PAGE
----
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The Best American Crime Writing 2005

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3.88  ·  Rating details ·  186 Ratings  ·  14 Reviews
The 2005 edition of The Best American Crime Writing offers the year's most shocking, compelling, and gripping writing about real-life crime, including Peter Landesman's article about female sex slaves (the most requested and widely read New York Times story of 2004), a piece from The New Yorker by Stephen J. Dubner (the coauthor of Freakanomics) about a high-society silver ...more
Paperback, 384 pages
Published September 6th 2005 by Harper Perennial (first published September 1st 2005)
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Kemper
Mar 23, 2009 rated it liked it
A very solid set of true-crime stories. There's a wide range here from murderer to white collar scammers to professional thieves to an essay by James Ellroy explaining how Joseph Wambaugh influenced his life and crime writing. Good reading for true crime fans.
Harvey
Jun 23, 2013 rated it liked it
- from the jacket: "The 2005 edition of The Best American Crime Writing offers the years most shocking, compelling, and gripping writing about real-life crime, including Peter Landesman's article about female sex-slaves (the most-requested and widely-read New York Times story of 2004), a piece from The New Yorker by Stephen J. Dubner (the co-author of Freakonomics) about a high-society silver thief, and an extraordinarily memorable 'Ode To Bar Fights' written by Jonathan Miles for Men's Journal ...more
Martha
Jan 28, 2009 rated it it was amazing
Who knew? These are fascinating stories from major magazines and newspapers. I have been reading them as I can get them on ILL. In the one I'm about to finish there is a story about David Berkowitz, the Son of Sam serial killer who has become a sort of cult figure, having "found Christ" and quoting favorite verses from the Bible. He hasn't read the whole book, just selected parts. He has a website and fans, proving once again that anything is possible.
Guy
Mar 28, 2007 rated it it was amazing
Any one of these annual series is well worth the read. A compilation of the top crime stories from such venerable publications as the New Yorker, Vanity Fair, Esquire, Rolling Stone, and the like. Don't assume it's all about murder. These stories are about anything to do with breaking the law, from murder to burglary to terrorism to embezzlement to impersonation. All fascinating.
Kirsti
My favorite piece was "The Family Man" by the amazing Skip Hollandsworth, about a straight-arrow suburban husband and father who is actually a highly skilled burglar and who feels compelled to hire ne'er-do-well friends and relatives on his jobs. "The Silver Thief" by Stephen J. Dubner and "The Self-Destruction of an M.D." by Neil Swidey were also excellent.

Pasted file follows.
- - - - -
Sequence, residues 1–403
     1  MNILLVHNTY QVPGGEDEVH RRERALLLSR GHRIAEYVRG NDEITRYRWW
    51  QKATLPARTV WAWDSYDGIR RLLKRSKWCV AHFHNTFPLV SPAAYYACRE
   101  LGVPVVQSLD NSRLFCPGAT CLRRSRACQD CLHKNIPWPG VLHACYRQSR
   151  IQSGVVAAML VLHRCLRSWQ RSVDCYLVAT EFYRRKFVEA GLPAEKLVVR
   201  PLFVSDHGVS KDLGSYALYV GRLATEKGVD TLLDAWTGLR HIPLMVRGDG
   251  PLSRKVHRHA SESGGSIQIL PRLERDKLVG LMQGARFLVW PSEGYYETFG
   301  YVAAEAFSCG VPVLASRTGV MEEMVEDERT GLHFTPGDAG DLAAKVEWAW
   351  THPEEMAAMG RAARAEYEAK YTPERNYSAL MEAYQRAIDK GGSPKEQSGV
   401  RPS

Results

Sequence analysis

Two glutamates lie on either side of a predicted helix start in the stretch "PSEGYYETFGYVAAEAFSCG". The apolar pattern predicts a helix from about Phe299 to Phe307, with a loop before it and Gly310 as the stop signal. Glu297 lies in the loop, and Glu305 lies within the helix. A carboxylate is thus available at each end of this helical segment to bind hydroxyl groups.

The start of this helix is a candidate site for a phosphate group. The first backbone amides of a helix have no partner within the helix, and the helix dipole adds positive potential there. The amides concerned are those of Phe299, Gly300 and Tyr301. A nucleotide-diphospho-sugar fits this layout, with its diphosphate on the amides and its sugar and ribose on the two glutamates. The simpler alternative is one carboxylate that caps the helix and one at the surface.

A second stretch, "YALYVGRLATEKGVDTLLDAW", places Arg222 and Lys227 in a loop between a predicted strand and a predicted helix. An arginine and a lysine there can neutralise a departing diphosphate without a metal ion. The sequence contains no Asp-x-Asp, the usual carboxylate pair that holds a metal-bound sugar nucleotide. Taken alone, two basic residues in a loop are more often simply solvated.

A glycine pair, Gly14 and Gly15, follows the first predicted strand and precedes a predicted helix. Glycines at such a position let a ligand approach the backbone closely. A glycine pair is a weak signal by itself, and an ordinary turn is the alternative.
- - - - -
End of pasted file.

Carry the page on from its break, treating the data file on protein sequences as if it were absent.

Ellen
Oct 22, 2007 rated it it was amazing
The writing in here is amazing, and, since truth is stranger than fiction, there are some pretty compelling stories. My favorite so far is the death of the one of the foremost experts on Arthur Conan Doyle.
JBP
Jul 01, 2012 rated it liked it
Shelves: read-in-2006
Like a lot of these anthologies, some essays better than others. A few I'd already read in the New Yorker, but if you like short bursts of true-life crime in your reading diet, these are fun and easy.
maija
Jan 20, 2012 rated it it was ok
Of the four books I've read from this series this was by far the most disappointing collection. I strongly recommend reading other installments from the series, but can't recommend this year specifically.
Robert Noll
Aug 03, 2015 rated it really liked it
Very interesting vignettes.
Mark
Dec 13, 2007 rated it liked it
Stories range from the famous NYT Magazine piece about human trafficking to New England's master silver thief. Good stuff.
Rae
Mar 26, 2008 rated it it was ok
I enjoyed the first half of this book and then it went downhill. The articles just didn't hold my interest.
Joe  Noir
May 17, 2013 rated it liked it
All the volumes in this series are good. Non-fiction crime from a variety of sources, and covering a multitude of sins.
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Apr 12, 2009 rated it liked it
Recommends it for: Thaddeus J. Struck
Some of the stories were lame. The Ellroy story at the end was really good.
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James Ellroy was born in Los Angeles in 1948. His L.A. Quartet novels—The Black Dahlia, The Big Nowhere, L.A. Confidential, and White Jazz—were international best sellers. His novel American Tabloid was Time magazine’s Best Book (fiction) of 1995; his memoir, My Dark Places, was a Time Best Book of the Year and a New York Times Notable Book for 1996. His novel The Cold Six Thousand was a New York ...more
More about James Ellroy
“I roamed L.A. by night. I got repeatedly rousted by LAPD. I sensed that a cop-street fool compact existed. I behaved accordingly. I denied all criminal intent. I acted respectfully. My height-to-weight ratio and unhygienic appearance caused some cops to taunt me. I sparred back. Street schtick often ensued. I mimicked jailhouse jigs like some WASP Richard Pryor. Rousts turned into streetside yukfests. They played like Jack Webb unhinged. I started to dig the LAPD. I started to grok cop humor. I couldn't quite peg it as performance art. I hadn't read Joseph Wambaugh yet.” 2 likes
“I saw crime everywhere. Crime was not isolated incidents destined for ultimate solution and adjudication. Crime was the continual circumstance. It was all day, every day. The ramifications extended to the 12th of Never. This is a policeman's view of crime. I did not know it then.” 1 likes
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